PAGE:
Bruner has his theories. “Argent was possibly the agent that had things produced for the market and sold them to the trades but didn’t actually manufacture anything. A search on the Internet turns up no C.D. Argent glass manufacturer in Brooklyn, although there were glassmakers in the borough at that time.”
Though he doesn’t have the evidence to prove it, Bruner thinks he knows who might have made some of his toilet floats. “One company that comes to mind is Rodefer Brothers, which was in the Ohio River Valley area.” Many glass houses, from Fenton to Fostoria to Anchor Hocking, were established there in the late 1800s and early 1900s. “It wouldn’t surprise me a bit if some of these floats came from that region,” Bruner says.
In fact, most of Bruner’s floats date to the first decade of the 20th century. And while floats were still being produced in the decade that followed, and also after World War I, the industry changed quickly. “Metal was introduced somewhere between the turn of the century and the 1920s,” he says. “I believe Kimble, Owens-Corning, and others made glass floats all the way up until the 1950s, but metal and plastic eventually took over. Kimble was about the last glass holdout.”
Here’s the kicker though: Turns out some of Bruner’s toilet floats may not have been designed for, or used in, toilets at all. “I’m not 100-percent sure that all these floats were destined to wind up in toilets,” Bruner sighs. “There were many industrial applications for floats, so there’s no guarantee that these things were originally sold for use in a toilet. Take that O.H. Jones float, for example. That might have been an industrial float. There were numerous applications in factories in which some kind of liquid in a tank needed to refill itself. You could use a float for that.”
Bruner thinks a clue to this non-household use could be the band around the middle of the float. “Most floats had a little brass fitting molded into the glass. It was threaded so you could screw a rod into it. That’s your 100-percent giveaway that the piece of glass had something that had to do with the level of water or some other liquid, and fittings were common to floats used in toilet tanks. The O.H. Jones float has no metal fitting, but it does have a band, kind of a ‘saddle groove’, if you will, approximately four inches in diameter that went around the float, kind of like a belt around the waist. That’s how this float was held in position. So it’s definitely a float, likely used for an industrial purpose, possibly a toilet float.”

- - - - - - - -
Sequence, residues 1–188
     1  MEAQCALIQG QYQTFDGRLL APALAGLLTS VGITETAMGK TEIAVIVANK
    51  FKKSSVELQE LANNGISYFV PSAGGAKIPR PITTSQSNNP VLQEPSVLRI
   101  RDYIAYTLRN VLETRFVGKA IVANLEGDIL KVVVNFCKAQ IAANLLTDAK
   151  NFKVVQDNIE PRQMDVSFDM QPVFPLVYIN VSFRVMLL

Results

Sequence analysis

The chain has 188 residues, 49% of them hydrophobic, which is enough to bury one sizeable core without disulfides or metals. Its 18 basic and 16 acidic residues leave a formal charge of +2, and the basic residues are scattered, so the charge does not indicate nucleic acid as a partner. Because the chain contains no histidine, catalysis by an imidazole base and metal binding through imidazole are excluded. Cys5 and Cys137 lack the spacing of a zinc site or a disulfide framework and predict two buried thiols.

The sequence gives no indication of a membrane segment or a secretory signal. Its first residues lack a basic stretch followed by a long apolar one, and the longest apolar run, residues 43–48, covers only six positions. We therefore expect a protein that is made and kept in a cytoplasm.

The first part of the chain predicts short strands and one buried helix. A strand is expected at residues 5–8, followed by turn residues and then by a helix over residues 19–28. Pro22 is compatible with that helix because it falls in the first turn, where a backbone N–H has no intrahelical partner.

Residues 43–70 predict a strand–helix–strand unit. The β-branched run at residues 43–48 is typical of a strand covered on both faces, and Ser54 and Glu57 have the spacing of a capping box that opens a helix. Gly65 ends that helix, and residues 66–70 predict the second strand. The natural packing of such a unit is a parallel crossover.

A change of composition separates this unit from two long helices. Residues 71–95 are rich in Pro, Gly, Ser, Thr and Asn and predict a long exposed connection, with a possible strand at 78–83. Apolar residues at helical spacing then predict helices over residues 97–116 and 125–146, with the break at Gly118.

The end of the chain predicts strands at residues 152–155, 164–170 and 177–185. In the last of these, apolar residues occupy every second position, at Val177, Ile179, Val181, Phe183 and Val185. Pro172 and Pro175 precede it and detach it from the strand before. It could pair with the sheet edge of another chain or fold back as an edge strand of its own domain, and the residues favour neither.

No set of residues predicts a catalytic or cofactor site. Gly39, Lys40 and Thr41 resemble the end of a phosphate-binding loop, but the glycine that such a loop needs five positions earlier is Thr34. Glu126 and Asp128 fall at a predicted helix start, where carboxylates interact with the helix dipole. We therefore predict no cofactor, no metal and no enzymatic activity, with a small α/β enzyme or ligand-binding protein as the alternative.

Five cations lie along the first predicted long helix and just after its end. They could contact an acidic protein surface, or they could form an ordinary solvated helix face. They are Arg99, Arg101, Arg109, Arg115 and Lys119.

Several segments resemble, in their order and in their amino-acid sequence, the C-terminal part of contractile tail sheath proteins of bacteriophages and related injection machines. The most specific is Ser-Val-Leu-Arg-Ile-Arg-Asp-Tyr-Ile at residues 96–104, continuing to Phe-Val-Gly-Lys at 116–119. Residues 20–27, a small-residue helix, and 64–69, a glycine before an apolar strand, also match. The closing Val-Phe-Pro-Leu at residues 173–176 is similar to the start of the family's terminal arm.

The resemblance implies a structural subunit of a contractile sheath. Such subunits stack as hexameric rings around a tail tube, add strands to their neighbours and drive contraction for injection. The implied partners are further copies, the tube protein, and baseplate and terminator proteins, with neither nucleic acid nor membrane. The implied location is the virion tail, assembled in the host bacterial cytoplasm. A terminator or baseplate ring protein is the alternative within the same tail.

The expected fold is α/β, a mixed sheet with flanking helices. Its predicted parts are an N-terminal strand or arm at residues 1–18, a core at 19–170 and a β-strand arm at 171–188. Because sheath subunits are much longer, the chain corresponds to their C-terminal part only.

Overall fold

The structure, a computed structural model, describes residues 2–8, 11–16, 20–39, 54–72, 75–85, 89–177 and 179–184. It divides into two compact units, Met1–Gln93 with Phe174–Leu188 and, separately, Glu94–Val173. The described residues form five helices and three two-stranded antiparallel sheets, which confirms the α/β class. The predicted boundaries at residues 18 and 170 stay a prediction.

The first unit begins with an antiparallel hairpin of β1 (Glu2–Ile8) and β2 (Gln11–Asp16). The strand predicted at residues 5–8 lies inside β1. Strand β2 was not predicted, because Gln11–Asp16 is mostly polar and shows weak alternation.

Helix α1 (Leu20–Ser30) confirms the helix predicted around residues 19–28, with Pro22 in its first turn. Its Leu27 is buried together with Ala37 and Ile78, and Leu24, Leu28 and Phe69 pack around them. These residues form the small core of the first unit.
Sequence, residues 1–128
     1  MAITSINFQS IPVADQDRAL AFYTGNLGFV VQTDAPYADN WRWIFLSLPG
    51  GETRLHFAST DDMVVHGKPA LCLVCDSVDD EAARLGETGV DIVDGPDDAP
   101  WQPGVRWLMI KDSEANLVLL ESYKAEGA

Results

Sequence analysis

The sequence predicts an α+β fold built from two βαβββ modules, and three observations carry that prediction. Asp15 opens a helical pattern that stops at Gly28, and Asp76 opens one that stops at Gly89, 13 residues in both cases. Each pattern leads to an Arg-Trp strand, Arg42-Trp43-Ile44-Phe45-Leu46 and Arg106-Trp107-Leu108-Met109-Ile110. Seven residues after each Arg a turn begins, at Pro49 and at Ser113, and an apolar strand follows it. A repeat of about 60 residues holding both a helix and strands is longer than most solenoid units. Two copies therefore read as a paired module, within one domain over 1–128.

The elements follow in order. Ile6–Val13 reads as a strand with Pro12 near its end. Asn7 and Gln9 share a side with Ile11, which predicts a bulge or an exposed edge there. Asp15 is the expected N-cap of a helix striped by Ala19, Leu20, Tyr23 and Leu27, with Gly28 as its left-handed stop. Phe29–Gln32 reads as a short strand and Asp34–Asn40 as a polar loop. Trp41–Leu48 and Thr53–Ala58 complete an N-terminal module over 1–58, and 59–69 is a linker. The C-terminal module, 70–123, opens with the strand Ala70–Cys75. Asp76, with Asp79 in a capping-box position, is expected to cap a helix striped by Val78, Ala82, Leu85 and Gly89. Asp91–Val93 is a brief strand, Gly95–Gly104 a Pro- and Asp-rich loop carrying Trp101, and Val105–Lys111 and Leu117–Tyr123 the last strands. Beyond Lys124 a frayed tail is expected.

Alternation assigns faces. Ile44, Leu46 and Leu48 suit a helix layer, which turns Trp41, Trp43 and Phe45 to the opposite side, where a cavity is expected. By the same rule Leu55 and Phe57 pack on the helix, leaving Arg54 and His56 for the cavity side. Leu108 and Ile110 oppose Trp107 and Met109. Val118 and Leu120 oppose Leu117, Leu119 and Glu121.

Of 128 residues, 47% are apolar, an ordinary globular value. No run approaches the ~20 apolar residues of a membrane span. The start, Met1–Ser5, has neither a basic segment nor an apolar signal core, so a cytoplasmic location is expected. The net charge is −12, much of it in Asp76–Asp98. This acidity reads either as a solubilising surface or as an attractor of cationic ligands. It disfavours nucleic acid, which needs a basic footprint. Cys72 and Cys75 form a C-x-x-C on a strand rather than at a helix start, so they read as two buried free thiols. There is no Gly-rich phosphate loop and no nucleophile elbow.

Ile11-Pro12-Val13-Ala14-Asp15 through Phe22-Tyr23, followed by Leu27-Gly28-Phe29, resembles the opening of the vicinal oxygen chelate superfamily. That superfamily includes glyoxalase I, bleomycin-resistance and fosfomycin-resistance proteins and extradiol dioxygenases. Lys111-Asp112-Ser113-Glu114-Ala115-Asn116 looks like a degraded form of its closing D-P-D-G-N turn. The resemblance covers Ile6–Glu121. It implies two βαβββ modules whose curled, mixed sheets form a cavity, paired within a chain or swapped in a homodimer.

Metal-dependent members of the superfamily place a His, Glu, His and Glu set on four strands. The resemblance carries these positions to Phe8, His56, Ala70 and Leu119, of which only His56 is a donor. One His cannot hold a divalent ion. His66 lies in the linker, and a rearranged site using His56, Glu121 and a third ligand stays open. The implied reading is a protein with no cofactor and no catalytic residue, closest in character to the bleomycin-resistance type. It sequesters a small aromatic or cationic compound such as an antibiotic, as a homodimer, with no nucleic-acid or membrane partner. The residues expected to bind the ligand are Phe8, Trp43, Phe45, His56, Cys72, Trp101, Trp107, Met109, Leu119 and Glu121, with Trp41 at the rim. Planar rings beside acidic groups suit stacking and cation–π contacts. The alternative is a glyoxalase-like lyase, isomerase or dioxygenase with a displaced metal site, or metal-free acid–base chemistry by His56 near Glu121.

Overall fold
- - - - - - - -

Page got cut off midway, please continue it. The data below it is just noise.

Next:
For a second time, I look again. Clearly Bruner can see more in these humble objects than I can. In fact, most of the people Bruner shows his floats to don’t know what they’re looking at at all. “When I show people my little collection of floats,” he says, “it’s amazing how many cannot guess what these things are. They’ll stare and stare, but they can’t identify them. And that is my gold standard. I love to collect things that were never meant to be collected. That’s my number-one priority in a collectible.”
(Photos courtesy Mike Bruner)
After much searching, I determined that this rather odd and old-looking glass bulb that I found on an farmstead (1839) in Ashtabula County, Ohio, is a toilet tank float. Says PYREX / T.M.REg.U.S.PAT.OFF. / MADE IN USA / 12.
It is rather sturdy.
Am no expert, but appears it may have been blown into a mold. Has a seam on each side but a wavy line in the glass on the inside.
Can you tell me anything about this item, or refer my inquiry to Mr. Bruner? I am particulary interested in the history and time period of the float, as well as roughly what it might be worth.
Hi Mr Marks,
I live in Australian and have recently discovered that the object I thought was a bottle is actually a glass toilet float. I have had this float for around 30 plus years. It has the Eisler’s Patent embossed on it and is made of clear glass measuring 6 ins high by 4.5 ins deep and in pretty good condition. There appears to have been a stopper in the top which might have been broken off flush with the top of the float but as this “break”is very even it might have originally been like that. Any information would be greatly appreciated.